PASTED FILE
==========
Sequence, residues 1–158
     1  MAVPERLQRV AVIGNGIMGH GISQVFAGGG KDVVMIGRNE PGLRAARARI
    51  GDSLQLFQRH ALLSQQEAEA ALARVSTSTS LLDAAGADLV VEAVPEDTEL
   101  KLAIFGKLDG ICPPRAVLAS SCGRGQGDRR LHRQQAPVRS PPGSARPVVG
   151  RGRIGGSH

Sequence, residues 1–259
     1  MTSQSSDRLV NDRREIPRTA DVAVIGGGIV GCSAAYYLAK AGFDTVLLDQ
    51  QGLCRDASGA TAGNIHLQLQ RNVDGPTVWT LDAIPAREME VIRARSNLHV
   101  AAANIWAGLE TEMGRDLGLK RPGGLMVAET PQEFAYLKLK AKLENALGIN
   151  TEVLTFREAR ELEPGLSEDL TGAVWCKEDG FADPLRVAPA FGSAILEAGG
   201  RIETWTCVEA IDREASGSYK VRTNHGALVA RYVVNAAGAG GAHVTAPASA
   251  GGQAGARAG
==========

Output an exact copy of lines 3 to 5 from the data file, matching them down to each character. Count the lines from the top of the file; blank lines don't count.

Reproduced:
    51  GDSLQLFQRH ALLSQQEAEA ALARVSTSTS LLDAAGADLV VEAVPEDTEL
   101  KLAIFGKLDG ICPPRAVLAS SCGRGQGDRR LHRQQAPVRS PPGSARPVVG
   151  RGRIGGSH